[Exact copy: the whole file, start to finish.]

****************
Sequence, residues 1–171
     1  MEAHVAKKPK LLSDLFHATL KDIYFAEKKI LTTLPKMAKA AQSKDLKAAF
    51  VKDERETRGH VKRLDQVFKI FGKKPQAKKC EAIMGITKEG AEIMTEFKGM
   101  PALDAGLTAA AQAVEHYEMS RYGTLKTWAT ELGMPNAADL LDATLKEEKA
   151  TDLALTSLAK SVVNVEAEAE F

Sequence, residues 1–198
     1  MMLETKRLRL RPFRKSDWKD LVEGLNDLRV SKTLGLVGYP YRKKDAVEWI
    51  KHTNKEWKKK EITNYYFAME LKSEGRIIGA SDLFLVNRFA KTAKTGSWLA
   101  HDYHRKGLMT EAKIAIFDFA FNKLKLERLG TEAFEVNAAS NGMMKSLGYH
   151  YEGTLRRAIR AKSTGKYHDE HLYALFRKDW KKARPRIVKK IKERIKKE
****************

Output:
Sequence, residues 1–171
     1  MEAHVAKKPK LLSDLFHATL KDIYFAEKKI LTTLPKMAKA AQSKDLKAAF
    51  VKDERETRGH VKRLDQVFKI FGKKPQAKKC EAIMGITKEG AEIMTEFKGM
   101  PALDAGLTAA AQAVEHYEMS RYGTLKTWAT ELGMPNAADL LDATLKEEKA
   151  TDLALTSLAK SVVNVEAEAE F

Sequence, residues 1–198
     1  MMLETKRLRL RPFRKSDWKD LVEGLNDLRV SKTLGLVGYP YRKKDAVEWI
    51  KHTNKEWKKK EITNYYFAME LKSEGRIIGA SDLFLVNRFA KTAKTGSWLA
   101  HDYHRKGLMT EAKIAIFDFA FNKLKLERLG TEAFEVNAAS NGMMKSLGYH
   151  YEGTLRRAIR AKSTGKYHDE HLYALFRKDW KKARPRIVKK IKERIKKE